If there’s anything more exciting than the barely-seen Apple iPhone, it’s got to be a possible Google-made mobile phone. While rumors have been all over the Web lately, the search engine giant is closed for discussion.
“This is all we plan to say,” Erin Fors, a spokesperson for Google, told TechNewsWorld. “Mobile is an important area for Google, and we remain focused on creating applications and establishing and growing partnerships with industry leaders to develop innovative services for users worldwide. However, we have nothing further to announce.”
Reading between the lines, Google is not ruling out any mobile phone plans. At the same time, it’s delivering and open-ended message about talking to industry leaders to explore options.
Even the best rumors of a Google-branded cell phone appear to be secondhand. Reuters reported Monday that Richard Windsor, a phone analyst in London, told his clients that “unspecified Google representatives” had admitted to working on a Google mobile phone at the CeBIT conference in Germany.
In another rumor, a MobileBurn.com forum poster, MaDnEzZ, claimed to have filled out a paid survey on a Web site that focused on a Google phone designed by Samsung. However, he wrote that he forgot to take a screenshot of the specs or the phone.
The MaDnEzZ survey experience may or may not be true, but it does have one nugget of confirmable reality: Samsung and Google are working together. In early January, the two companies announced plans to offer Samsung phones with one-click access to Google services, including Google Search, Google Maps and Gmail.
Other rumors continue to swirl; however, the most telling one seems to have come from Simeon Simeonov, a technology partner at the venture capital firm Polaris Venture Partners. In his personal blog, “HighContrast: Innovation and venture capital in the post-broadband era,” Simeonov posted an entry on March 4 that detailed “The Real Google Phone.”
From an ‘Inside Source’
Simeonov’s post, however, has mysteriously disappeared. Ironically, Google’s own cache feature, which takes a snapshot of the page as it crawls the Web, is still available via the search terms “highcontrast,” “google” and “phone.” The last date filed by someone posting a comment to the blog entry was March 16.
In the cached version of his post, Simeonov noted that Andy Rubin has a team of 100 people working on the Google phone at Google, and that Rubin is likely working on an operating system for the phone. In addition, the phone would be a “Blackberry-like, slick device,” and would have “many services, including VoIP,” he stated.
“Apparently, Google is planning to build distribution relationships with multiple carriers by allowing them to minimize subscription and marketing costs,” Simeonov wrote in his original post. “In other words, Google will market the phone online and carriers will fulfill.”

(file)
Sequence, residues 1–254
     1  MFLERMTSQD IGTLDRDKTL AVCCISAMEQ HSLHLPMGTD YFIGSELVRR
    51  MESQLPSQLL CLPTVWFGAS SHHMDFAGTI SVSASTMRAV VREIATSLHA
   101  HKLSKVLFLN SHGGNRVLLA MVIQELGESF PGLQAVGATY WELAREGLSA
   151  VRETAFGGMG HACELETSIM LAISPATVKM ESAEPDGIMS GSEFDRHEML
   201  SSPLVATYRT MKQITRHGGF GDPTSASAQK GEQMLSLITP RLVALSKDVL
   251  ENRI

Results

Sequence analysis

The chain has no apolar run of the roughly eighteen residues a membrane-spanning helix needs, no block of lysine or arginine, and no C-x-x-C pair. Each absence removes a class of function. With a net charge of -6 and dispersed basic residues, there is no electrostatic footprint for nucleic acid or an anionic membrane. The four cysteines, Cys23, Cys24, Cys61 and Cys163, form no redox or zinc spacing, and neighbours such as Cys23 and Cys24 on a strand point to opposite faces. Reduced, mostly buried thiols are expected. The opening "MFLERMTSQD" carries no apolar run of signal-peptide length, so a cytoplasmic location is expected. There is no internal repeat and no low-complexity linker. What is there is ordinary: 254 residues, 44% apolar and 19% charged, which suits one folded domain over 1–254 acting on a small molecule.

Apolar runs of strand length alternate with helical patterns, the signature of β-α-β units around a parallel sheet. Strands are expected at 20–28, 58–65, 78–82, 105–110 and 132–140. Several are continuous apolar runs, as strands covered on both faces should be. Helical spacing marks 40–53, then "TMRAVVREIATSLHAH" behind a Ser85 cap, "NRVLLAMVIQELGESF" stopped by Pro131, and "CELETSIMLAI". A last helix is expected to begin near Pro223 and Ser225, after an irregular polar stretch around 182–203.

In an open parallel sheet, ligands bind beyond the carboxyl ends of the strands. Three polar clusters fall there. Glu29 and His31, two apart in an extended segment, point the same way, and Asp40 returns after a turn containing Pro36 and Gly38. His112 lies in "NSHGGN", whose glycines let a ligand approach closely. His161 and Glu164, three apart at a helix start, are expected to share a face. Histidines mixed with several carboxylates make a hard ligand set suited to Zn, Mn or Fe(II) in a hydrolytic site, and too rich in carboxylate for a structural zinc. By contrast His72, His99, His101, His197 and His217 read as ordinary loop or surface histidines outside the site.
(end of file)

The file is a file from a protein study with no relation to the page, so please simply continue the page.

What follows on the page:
Interesting Reading, But…
Why would Simeonov remove his post with no explanation? It’s easy to imagine some pressure from Google, which wouldn’t necessarily indicate if the post is accurate. Messages and e-mails left with Simeonov from TechNewsWorld were not immediately returned. Regardless, what scenarios for Google actually make sense?
“A Google phone doesn’t make any sense to me — certainly not for Google to manufacture it,” Charles Golvin, a principal analyst for Forrester, told TechNewsWorld. “The only thing that makes sense to me is that Google might be looking at enabling access to Google services for a wider audience.”
Google wants a wider audience, Golvin noted, because the company first and foremost wants to deliver advertising. If Google can embed the Google experience more deeply into a mobile phone, presumably Google could expand its reach.
A Game-Changing ‘Gphone?’
The mobile phone market is all about relationships right now. Carriers buy phones at wholesale prices from manufacturers and sell them to customers at prices less than wholesale with two-year service contracts tacked on in order to guarantee a revenue stream. Content providers like Yahoo and Microsoft work with both manufacturers and carriers to get their mobile applications embedded into the phones and services, in hopes of expanding their reach to end consumers.
Of course, it’s all a lot more complicated than that, which means Google has some work to do to catch up.
“I think Yahoo and Microsoft’s mobile Web initiatives are still far ahead of competitors like Google because of their existing presence and relationships in that space,” Vidya Lakshmipathy, an analyst for Forrester and colleague of Golvin, told TechNewsWorld. “Maybe Google feels the only way to enter the space is with a paradigm-shifting move.”
“If Google were to change the economics of how phones and services get sold, by making deals with operators where Google underwrites the phone instead of the operator and embeds a rich Google experience, Google would be changing how people buy phones — how the service gets paid for,” Golvin added. “And that holds more potential for a service to be disruptive.”